I’m Learning

I’m Not Rushing to Get to Work on Time Anymore

If it’s not about me and my peace of mind, it can wait

My morning routine is the same almost every day. I typically wake every morning between 6 and 7 a.m. I don’t use an alarm clock, preferring to let myself rise naturally with the sun. I stretch. Sit up. Take a sip of water. Say a little prayer of gratitude. Get out of bed and open the curtains to let the sunshine in.

And then… I panic. The countdown has begun.

Starting from the moment I open my eyes, I have T-minus 2.5 hours before I need to start work. That’s 2.5 hours to become fully awake, do some yoga, walk around my neighborhood, meditate and pray, journal about my overanxious thoughts, take a shower, dress, clean up my place, make me some breakfast (cue Jill Scott) — all the things I want and need to do to get energized and feel like a human before I have to sit my ass down to start my work for the day.

Our capitalistic culture has conditioned me to value the things that make me money over the things that make me, well, myself.

Of course, it is almost impossible to get all this done within that window of time. And knowing that leads me to feel as though I’ve already failed before I’ve even been conscious for five full minutes. So I rush. I skip essential parts of my morning routine like exercise, praying, and even sometimes showering. And no matter how much I rush or sacrifice, I can’t escape the overwhelming feelings of guilt and anxiety. Either I’m not giving enough time to the responsibilities that pay me, or I’m not giving enough time to the daily habits that keep me healthy and sane.

And I know I’m not alone in this feeling. Black women especially struggle with prioritizing ourselves. Our responsibilities to others win out over our responsibilities to ourselves.

Putting yourself first can feel like deliberately putting other things last. It can feel like you’re telling the people and career and responsibilities in your life that you don’t care about them. It’s like telling the world that you have the nerve to think you’re more important than anything else that’s going on.

But here’s the thing, you are important.

As Toni Morrison once said, “you are your best thing.” If you’re not good, nothing is good. And it’s true! When I just jump out of bed and go straight to my desk, I’m irritable and sloppy, and I actually end up getting less done than I would have if I had just taken some time to make myself some breakfast and go for a walk to clear my head before starting the day.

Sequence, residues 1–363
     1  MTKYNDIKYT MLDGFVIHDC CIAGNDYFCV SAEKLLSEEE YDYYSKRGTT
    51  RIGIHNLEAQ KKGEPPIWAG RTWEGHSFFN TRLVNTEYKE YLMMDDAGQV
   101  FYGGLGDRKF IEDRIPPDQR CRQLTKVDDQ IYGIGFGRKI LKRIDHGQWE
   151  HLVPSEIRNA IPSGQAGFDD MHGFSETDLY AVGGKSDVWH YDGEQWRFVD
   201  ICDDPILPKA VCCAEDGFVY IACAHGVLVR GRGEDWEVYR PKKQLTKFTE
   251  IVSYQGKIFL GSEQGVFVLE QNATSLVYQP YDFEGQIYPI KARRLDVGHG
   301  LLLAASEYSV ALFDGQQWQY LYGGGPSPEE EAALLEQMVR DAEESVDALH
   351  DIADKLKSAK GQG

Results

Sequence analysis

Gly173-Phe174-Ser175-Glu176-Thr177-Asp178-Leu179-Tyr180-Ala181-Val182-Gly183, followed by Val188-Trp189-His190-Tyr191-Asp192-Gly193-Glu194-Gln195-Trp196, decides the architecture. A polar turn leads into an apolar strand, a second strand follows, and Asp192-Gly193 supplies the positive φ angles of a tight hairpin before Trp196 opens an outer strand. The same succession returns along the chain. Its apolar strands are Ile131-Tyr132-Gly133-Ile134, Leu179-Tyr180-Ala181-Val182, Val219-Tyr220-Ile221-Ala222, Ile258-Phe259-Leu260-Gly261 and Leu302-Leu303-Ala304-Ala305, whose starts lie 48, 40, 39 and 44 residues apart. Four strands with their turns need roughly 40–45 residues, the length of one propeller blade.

And to be fair, no one at my job clocks me or asks where I am at precisely 9:31 a.m. I actually have a pretty flexible work structure. But fears that I am not productive enough are embedded deep within my psyche. Our capitalistic culture has conditioned me to value the things that make me money over the things that make me, well, myself.

My self must come first. It’s not an option. It’s a priority.

Sure, I guess I can wake up earlier or save some things on my to-do list until later in the day. But this is not an issue of time management for me. It’s an issue of not seeing myself as a priority, as worthy of my own time and attention.

My priorities have been out of whack way too long. So I’m not rushing anymore.

I’m learning to put my needs first, to take my time. I’m learning that things are not always as urgent as I believe them to be. The world will not end if I miss my own self-imposed deadline.

And I’m learning not to be so hard on myself when I don’t get things done with the speed that I think I should. Just because I don’t get everything done in a day doesn’t mean I didn’t get anything done at all. I’m a responsible person. If something doesn’t get done today, I promise it will get done tomorrow. But it will get done after I do my exercises, clean my body, eat some breakfast and just exist like a normal person and not a cog in the corporate machine.

I know it’s a privilege to even be in a position to prioritize my own needs over the need to show up on time and get my bills paid. It’s a privilege that is very new to me. I, like many women reading this, am so used to working hard. But I want to get used to putting that same level of effort into taking care of myself. I want to start seeing my time and my health as just as important as my check. It’s going to take some practice.

Now in the mornings, after I sip, pray, and open my curtains, I’ve begun repeating the mantra “My self must come first.” I say this to myself when the countdown inevitably begins again, when I feel compelled to rush through my day, when I start to get anxious that I’m spending too much time doing the things I want to do.

My self must come first. It’s not an option. It’s a priority.

Senior Platform Editor @ZORAmag | book lover | fangirl | Black woman | Terp

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